Big Food takes a lot of heat when it comes to consumer health. And no wonder: Books like Michael Moss' Salt, Sugar, Fat and Melanie Warner's Pandora's Lunchbox have pulled back the curtain to reveal the dirty little secrets of how the processed food industry has insinuated itself into the lives of consumers around the world—and how that power has affected global wellbeing.
It's true that many food manufacturers have tweaked their formulations for maximum craveability (how many people can stop at one spoonful of ice cream? 🍦) because cravings make for repeat customers, and repeat customers drive profits.
And profits, in the end, are what keeps businesses alive.
So, if they're just doing what businesses do to stay afloat, can these companies really be blamed for the current health crisis? And is it fair to ask them to shoulder the burden of shifting consumers away from ultra-processed, hyper-palatable fare and toward healthier food choices? 🥗
Part of the answer lies in one of the most obvious—and startling—effects of processed foods' infiltration into daily life in the recent past: obesity.
The prevalence of overweight and obesity has been on the rise for somewhere between 35 and 40 years.
According to the World Health Organization, current numbers are nearly three times what they were in 1975.
What does this translate to? In 2016, 39% of adults over 18 were overweight and 13% were obese, a combined global prevalence of 52% of the population.
In the U.S., the prevalence is even higher: 73.6% of adults over age 20 were overweight or obese in 2018, 42.5% of which qualified as obese. 📈Millions more children and adolescents, including 38 million children under the age of five globally, are also struggling with their weight.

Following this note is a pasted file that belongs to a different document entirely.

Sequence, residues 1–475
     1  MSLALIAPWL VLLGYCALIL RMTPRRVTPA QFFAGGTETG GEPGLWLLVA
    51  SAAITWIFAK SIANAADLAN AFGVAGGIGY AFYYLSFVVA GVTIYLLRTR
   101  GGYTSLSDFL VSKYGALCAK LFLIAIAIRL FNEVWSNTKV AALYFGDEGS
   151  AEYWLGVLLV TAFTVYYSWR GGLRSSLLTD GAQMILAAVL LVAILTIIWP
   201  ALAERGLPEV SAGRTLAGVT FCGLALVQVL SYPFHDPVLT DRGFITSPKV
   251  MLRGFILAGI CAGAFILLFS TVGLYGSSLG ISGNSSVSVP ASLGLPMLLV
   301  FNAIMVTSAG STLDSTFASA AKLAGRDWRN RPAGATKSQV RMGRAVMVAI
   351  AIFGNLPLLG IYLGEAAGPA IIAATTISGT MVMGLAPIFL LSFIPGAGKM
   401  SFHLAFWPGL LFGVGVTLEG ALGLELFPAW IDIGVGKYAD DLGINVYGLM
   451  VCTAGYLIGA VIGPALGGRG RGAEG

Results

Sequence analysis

While it may not be 100% accurate to blame highly processed foods for the sharp increase in weight, it's impossible to deny that there has been a noticeable shift in testing habits.
In the U.S., for example, people consume far more sugar, grain products, fats, and oils now than in the 1970s. Most sugar and grains come from corn sweeteners, corn products, and baked goods; fats are largely from cooking oils, chicken, and cheese. 🧀And where are the majority of these ingredients found?
In the cheap, calorie-heavy, nutrient-poor food that's absolutely everywhere. Although the colorful packages and clever branding promise infinite variety, most packaged foods contain the same ingredients in various arrangements. (Spend time reading boxes in the cereal aisle, and this becomes clear pretty quickly. 🌽 🥣 ) It's simply by a clever formulation that products manage to deliver a range of distinct tastes. Most people are too busy to notice.
The breakneck pace of modern society drives demands for faster, more convenient food options at the cheapest possible price points—which creates more opportunities for Big Food to swoop in with a deluge of new and enticing offerings. It's a vicious cycle, and it's literally killing people. But data shows the tides may be starting to turn. 🌊
Healthy, or at least healthy-ish, is on track to become big business all its own. Ninety-three percent of consumers claim they want to eat healthy "at least some of the time;" 63% are trying for it "most" or "all" of the time. And they're on the lookout for foods and drinks that promise specific benefits and outcomes. The most popular choices? Anything that hints at natural origins or contains "less" of ingredients perceived to be harmful to health, including:
Foods catering to specialty diets—like plant-based, paleo, and vegan—are also in higher demand. Big Food is taking notice, which can be seen in the sudden flood of functional foods crowding the market, particularly those with ingredients promising stronger immunity.
🤧 As consumers demand benefits across a broader range of categories, brands are responding with new or "enhanced" products to cash in on the trend. And cash in they can: 70% of consumers say they're willing to shell out more money for foods with benefits.💲💲